Over the last four years, the Kent County Land Bank Authority (KCLBA) generated $42.9 million in estimated economic impact and 266 jobs in Kent County, according to an economic impact analysis by the Michigan State University Land Policy Institute released today.
“Our analysis demonstrates the Land Bank Authority’s critical role in supporting economic growth and development in Kent County,” said Mark Wyckoff, Interim Director at the MSU Land Policy Institute. “In addition to reducing blight and bringing dilapidated properties back to productive use, this study shows the land bank fills a critical gap in neighborhood restoration and economic development.”
Findings from an internal investigation by the Kent County Land Bank authority were released this week, and the study’s conclusions were welcome news to county officials.
Parrish and other county officials were on hand to hear the results of a community impact assessment of the Land Band Authority. The report, prepared by the Michigan State University Land Policy Institute found that the Land Bank had produced positive results for Kent County—over the last four years the KCLBA had generated nearly $43 million dollars in economic impact, while simultaneously creating new jobs.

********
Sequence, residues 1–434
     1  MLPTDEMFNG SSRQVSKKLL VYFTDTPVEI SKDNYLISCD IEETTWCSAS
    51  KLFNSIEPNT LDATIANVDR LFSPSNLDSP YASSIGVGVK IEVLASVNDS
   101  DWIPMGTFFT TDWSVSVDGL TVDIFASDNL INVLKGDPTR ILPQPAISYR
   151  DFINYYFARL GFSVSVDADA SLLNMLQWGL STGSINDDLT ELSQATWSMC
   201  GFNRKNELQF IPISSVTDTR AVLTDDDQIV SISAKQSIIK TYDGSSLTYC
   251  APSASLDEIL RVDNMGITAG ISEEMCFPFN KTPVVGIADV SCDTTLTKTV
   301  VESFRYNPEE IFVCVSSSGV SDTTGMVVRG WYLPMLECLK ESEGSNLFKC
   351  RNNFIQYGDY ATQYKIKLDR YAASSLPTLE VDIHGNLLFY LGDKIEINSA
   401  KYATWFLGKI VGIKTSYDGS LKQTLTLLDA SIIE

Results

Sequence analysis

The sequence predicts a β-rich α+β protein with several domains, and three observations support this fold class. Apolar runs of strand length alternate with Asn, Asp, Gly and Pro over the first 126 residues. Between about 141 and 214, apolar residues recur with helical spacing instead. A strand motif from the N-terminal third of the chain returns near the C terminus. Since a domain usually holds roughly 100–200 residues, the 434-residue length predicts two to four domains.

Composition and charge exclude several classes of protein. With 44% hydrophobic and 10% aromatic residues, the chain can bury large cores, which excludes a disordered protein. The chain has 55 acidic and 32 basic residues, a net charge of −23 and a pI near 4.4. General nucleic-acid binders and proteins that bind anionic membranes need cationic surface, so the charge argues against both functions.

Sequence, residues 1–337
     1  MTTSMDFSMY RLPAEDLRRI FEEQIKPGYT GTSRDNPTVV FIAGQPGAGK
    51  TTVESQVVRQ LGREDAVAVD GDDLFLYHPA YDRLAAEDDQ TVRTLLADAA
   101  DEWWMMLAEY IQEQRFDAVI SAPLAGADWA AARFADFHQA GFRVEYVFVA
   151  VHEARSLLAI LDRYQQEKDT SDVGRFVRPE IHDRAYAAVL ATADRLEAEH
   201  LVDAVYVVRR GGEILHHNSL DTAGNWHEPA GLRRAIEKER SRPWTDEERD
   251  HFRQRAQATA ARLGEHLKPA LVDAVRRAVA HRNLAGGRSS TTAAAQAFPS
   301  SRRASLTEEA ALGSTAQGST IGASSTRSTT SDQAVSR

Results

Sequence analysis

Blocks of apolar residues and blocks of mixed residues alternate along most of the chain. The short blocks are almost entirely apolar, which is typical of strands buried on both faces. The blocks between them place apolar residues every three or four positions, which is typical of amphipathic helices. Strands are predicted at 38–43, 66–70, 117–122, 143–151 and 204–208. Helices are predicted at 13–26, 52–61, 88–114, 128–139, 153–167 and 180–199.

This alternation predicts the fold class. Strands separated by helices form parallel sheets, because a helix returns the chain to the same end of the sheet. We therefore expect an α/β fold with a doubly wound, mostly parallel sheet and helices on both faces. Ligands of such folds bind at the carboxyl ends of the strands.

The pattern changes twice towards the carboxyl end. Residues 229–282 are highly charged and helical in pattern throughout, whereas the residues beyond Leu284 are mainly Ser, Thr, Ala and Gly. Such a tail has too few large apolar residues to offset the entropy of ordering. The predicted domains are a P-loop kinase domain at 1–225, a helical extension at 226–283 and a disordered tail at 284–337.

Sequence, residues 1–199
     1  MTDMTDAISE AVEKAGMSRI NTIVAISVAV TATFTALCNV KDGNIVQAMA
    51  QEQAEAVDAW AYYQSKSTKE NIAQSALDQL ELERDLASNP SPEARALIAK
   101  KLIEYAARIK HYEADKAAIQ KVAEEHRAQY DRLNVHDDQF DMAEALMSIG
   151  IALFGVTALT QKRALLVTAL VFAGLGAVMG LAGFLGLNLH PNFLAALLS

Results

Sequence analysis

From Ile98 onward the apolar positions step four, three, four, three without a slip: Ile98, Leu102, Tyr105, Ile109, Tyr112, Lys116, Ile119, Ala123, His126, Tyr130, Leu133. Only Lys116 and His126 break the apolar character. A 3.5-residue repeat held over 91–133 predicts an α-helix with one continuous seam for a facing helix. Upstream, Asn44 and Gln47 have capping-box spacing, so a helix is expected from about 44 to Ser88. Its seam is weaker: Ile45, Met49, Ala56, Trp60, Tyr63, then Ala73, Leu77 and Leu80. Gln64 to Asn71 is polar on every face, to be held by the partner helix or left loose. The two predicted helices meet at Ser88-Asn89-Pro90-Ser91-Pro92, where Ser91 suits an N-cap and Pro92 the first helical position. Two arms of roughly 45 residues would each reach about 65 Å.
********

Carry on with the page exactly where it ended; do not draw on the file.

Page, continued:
Kent County Treasurer Ken Parrish, chairman of the Kent County Land Bank Authority, said there always will be a role for the Kent County Land Bank, which puts blighted and abandoned property back on the market.
The study by Michigan State University’s Land Policy Institute concluded the land bank generated $1.77 in the regional economy for every dollar it spent to acquire and rehab property.
The Kent County Land Bank has generated an economic impact of $42.9 million over the past four years, according to a study by Michigan State University Land Policy Institute.